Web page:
Recently I have a problem on sending e-mail with PHP Mailer
function. Every mail which I sent from my script is straight way goes
to spam folder on GMail, HotMail and other mail providers.
The issue has nothing to do with PHP Mailer, your code or even your host. But it has to do with overall outgoing mail settings on your hostname & even IP address. Meaning when you say this:
And I got result like SUCCESS which means Mail Successfully Sent.
But when I check on my GMail the mail which I sent is on SPAM folder.
Correct, your mail was actually sent by the server. Which is good. But the mail servers on the receiving end somehow do not trust your hostname or IP address. A few things can be done to remedy this. Such as setting and SFP record in your hostnames DNS & setting a PTR (reverse DNS) record for the IP address of the server that is sending out the actual e-mails.
First & foremost, is vendarcorporates.com an actual domain? Doing a ping for it on this tool that pings globally shows consistent Unknown host: vendarcorporates.com results. If that is the case & you are trying to send with that, there is your problem right there.
As far as SPF records go, that is a DNS record that means Sender Policy Framework which translates to basically meaning: You, as the owner of a hostname allow these other IP addresses & hostnames to send e-mail on your behalf. More details here specifically this:
Even more precisely, SPFv1 allows the owner of a domain to specify
their mail sending policy, e.g. which mail servers they use to send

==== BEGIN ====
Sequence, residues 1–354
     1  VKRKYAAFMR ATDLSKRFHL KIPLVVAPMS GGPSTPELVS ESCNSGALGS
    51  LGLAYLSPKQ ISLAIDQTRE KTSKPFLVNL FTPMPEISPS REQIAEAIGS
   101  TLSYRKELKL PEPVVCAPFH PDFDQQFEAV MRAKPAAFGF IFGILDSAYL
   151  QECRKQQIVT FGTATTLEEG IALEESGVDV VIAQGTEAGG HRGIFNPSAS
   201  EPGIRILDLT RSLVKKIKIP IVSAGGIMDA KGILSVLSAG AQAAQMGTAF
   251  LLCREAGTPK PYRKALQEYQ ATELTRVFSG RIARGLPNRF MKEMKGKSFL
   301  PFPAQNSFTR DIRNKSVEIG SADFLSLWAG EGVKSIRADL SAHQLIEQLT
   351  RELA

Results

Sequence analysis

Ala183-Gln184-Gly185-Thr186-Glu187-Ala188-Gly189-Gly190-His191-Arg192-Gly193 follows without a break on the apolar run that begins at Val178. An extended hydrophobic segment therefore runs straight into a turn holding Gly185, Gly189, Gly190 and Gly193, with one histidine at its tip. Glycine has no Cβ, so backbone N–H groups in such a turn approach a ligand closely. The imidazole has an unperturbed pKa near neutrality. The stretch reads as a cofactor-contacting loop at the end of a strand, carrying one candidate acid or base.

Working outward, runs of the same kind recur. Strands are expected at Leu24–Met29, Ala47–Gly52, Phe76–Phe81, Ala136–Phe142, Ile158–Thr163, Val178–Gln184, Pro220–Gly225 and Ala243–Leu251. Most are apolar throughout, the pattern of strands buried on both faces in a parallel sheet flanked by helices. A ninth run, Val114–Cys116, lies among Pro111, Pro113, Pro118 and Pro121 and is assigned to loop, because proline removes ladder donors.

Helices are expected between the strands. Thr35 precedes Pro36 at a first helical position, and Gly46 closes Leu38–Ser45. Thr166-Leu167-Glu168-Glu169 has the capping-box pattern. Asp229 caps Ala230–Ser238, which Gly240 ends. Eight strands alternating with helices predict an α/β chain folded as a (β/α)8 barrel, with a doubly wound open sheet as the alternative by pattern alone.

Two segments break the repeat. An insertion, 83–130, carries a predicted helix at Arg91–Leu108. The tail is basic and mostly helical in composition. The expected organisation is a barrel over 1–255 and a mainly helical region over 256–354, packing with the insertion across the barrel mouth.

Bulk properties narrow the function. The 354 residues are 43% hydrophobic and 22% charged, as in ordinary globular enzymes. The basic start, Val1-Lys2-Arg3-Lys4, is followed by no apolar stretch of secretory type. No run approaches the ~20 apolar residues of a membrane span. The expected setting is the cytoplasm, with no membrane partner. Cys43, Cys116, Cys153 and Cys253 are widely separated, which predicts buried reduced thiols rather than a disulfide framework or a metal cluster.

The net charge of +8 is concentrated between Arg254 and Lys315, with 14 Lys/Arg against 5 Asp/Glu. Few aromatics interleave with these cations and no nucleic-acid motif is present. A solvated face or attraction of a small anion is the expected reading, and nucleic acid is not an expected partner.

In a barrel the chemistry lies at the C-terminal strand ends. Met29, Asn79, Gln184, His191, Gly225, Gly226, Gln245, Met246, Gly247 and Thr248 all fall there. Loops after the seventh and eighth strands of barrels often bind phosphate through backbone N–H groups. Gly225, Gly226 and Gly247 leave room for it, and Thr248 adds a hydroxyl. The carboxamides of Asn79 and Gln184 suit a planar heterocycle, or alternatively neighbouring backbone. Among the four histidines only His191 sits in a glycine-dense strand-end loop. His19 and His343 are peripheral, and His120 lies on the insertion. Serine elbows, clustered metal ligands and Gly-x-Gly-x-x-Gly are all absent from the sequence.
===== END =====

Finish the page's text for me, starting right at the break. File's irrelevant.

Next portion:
mail from their domain. The technology requires two sides to play
together: (1) the domain owner publishes this information in an SPF
record in the domain's DNS zone, and when someone else's mail server
receives a message claiming to come from that domain, then (2) the
receiving server can check whether the message complies with the
domain's stated policy. If, e.g., the message comes from an unknown
server, it can be considered a fake.
"v=spf1 ip4:22.214.171.1240 ~all"
Assuming your domain is vendarcorporates.com, an SPF record like this would work as follows on the receiving end:
But this IP address is 126.96.36.1990 and it is not connected to vendarcorporates.com. So lets check the SPF record.
Okay, I am reading the SPF record, and 188.8.131.520 is allowed to send e-mails for vendarcorporates.com, so lets let this message through.
Now that might not completely solve the issue. So in addition to an SPF record, you need to make sure your server has a valid PTR (reverse DNS) record that in some way matches your hostname.
Unlike a DNS record where a hostname is translated to an IP address, a PTR record is a reverse DNS record where an IP address is translated into a hostame. More info on Wikipedia.
How you can set a PTR is dependent on the way your host works.
And many others simply will not let you set a PTR record on your own. You need to contact your hosting service & ask them to setup a PTR record for you.
The reason PTR records are important is it is yet another check in the Is this SPAM? chain. So it would play out like this:
Hey, I just received an e-mail message from someone claiming to be vendarcorporates.com!
That second step where there is a check to see if an IP address of a mail is connected to vendarcorporates.com? That is the PTR record check.
Im fairly confident that having both the SPF & PTR record for your domain name & host set will clear up this issue.
And on the outside chance that you do have an SPF & PTR record set yet e-mails end up in SPAM? Well, that means your hostname and/or IP address is blacklisted. And that is a whole other can of worms for you to deal with. You can check your blacklist status with an online tool like MX Toolbox & follow individual service recommendations to request you be removed. But depending on the severity of your ranking in this list, this could either be a simple task or a very complex one.
Which is all to say, while tools like PHP Mailer ease the process of sending e-mails, the whole process of ensuring your e-mails are not tagged as SPAM is a whole other proverbial beast that has little to do with coding specifics.